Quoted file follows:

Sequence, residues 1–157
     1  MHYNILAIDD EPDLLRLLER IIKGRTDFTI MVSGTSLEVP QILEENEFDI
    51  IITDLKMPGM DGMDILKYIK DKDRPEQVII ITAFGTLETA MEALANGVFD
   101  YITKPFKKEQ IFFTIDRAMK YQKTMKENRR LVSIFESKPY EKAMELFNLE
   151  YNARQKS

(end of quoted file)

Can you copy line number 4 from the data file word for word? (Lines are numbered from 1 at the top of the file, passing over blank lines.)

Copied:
   101  YITKPFKKEQ IFFTIDRAMK YQKTMKENRR LVSIFESKPY EKAMELFNLE